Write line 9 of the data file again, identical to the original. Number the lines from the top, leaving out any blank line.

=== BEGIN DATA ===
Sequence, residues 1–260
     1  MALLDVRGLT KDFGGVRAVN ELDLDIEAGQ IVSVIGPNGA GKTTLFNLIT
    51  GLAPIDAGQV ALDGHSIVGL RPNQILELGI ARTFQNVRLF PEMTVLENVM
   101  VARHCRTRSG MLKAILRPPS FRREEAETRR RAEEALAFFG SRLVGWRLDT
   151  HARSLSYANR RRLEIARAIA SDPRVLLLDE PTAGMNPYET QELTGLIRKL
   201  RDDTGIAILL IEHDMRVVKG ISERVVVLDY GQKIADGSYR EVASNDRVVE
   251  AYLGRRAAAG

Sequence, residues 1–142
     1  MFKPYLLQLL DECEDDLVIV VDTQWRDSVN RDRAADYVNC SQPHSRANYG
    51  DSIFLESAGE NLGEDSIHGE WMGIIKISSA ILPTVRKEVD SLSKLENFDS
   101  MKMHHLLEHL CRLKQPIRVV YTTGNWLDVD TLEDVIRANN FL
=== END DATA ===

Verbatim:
     1  MFKPYLLQLL DECEDDLVIV VDTQWRDSVN RDRAADYVNC SQPHSRANYG